Streaming Returns, and a New Home for KDCS

As fall 2003 approached, the 2003-04 staff realized the true need for another way to get KDCS out to the campus other than Campus Cable. The DBS Board came to the conclusion that they needed to look into the actual cost of paying appropriate fees to get KDCS back to the web for streaming.

After investigating the options, DBS President Scott Inukai found what it would take to get the signal back to the web. The decision was made to pay the required fees, and KDCS could once again be live to the world. On September 11, 2003, KDCS went back to the web, this time with a website of its very own.

During the summer of 2003, DBS Production Director Carl Sundermann saw the immediate need for a real website for the Drake Broadcasting System as a whole. Some attempts had been made in the past, but none really worked due to a lack of commitment from any one DBS member. In September 2003, Sundermann founded www.drakebroadcasting.com as the online home for the Drake Broadcasting System, and the new home for the KDCS web stream. The Drake Telemedia Center again provided service and technical support to DBS for the streaming audio using the QuickTime format.

Summer 2003 also saw the renovations of the first floor of Olmsted. KDCS Members we excited to see the new booth upon returning to class in August. It was more than anyone had anticipated, and DBS had not spent a dime. While the room itself came free of charge to DBS, the equipment needed for the room would not be free.

DBS President Scott Inukai and KDCS Program Director Matt Haeger investigated the cost of outfitting the new studio. The final bill was set to cost nearly $10,000, far more than DBS could afford or the Board of Student Communications could give for such a project. DBS needed a way to make some good money for this studio.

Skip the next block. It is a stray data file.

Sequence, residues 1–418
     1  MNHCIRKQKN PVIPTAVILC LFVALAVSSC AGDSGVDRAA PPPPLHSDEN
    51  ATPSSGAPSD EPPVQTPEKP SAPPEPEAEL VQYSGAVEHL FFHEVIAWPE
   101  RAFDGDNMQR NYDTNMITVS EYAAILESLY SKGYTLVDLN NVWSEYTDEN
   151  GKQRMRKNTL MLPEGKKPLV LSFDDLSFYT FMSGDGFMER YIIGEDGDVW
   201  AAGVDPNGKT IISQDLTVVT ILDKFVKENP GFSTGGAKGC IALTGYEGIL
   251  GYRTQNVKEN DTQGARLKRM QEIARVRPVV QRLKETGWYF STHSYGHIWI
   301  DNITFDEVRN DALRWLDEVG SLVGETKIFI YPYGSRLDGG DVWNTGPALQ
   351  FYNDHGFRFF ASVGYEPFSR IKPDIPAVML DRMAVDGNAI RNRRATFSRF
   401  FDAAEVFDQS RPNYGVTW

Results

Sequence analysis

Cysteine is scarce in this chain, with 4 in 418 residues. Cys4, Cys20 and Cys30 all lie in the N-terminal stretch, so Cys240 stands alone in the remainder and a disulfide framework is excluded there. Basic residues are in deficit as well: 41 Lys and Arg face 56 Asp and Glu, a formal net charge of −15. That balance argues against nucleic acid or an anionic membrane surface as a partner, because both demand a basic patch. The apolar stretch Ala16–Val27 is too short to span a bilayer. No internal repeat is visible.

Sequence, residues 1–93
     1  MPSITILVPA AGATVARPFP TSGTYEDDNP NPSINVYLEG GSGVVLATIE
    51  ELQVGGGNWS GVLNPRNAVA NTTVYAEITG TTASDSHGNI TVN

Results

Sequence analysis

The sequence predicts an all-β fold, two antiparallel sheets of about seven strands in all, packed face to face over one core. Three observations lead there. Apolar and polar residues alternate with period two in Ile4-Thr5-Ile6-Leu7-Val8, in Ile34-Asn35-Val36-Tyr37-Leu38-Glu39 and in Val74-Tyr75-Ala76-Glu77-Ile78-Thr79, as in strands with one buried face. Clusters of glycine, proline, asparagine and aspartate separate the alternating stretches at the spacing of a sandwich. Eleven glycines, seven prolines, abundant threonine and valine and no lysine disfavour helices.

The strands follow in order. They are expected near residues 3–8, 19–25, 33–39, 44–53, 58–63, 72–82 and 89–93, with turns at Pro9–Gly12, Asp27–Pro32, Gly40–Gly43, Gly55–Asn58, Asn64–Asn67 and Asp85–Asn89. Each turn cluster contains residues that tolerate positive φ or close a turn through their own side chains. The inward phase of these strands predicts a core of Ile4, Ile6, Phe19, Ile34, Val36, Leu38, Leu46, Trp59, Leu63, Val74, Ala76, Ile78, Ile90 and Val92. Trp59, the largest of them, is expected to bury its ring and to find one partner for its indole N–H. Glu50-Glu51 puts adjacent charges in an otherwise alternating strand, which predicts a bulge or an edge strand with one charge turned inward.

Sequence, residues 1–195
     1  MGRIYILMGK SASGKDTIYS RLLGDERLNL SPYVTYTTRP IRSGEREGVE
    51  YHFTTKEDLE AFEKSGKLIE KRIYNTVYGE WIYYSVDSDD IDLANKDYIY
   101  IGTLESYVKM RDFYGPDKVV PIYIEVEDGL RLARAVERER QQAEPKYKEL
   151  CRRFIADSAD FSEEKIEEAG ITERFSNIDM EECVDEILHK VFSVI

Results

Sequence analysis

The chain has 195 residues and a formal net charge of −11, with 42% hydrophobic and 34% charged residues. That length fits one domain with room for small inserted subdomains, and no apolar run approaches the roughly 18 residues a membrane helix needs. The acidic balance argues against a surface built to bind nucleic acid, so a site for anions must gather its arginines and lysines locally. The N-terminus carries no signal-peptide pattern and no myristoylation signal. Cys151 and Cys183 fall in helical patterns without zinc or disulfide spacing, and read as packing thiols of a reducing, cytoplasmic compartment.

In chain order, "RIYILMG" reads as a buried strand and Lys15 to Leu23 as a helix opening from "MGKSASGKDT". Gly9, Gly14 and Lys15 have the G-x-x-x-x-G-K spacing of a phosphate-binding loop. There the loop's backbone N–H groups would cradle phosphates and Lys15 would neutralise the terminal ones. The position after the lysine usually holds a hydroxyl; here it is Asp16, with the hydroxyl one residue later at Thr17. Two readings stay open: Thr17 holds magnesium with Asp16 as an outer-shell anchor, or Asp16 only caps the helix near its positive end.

An idea for a Battle of the Bands competition was thrown around at a meeting, and suddenly a new KDCS sponsored event was born. This Battle of the Bands was such a success that it went on to win Outstanding Social Program of the Year. Held on the eve of Dead Day in December 2003, the event brought in a big chunk of change for KDCS’ new studio. A deal was worked out with SFAC for the remaining dollar amount. March 1, 2004 KDCS Olmsted went live to campus and the world.

A New Home, But Incomplete

KDCS had a new home. All of the equipment was purchased and installed using DBS funds. But one large piece was missing from the finished product. The studio console originally slated for donation from the SJMC turned out to be faulty, leaving KDCS without funds to purchase a new console. JMC professor Todd Evans donated a live sound mixing board so that KDCS could go on air on March 1, with the promise that DBS would budget for a new board in the coming year.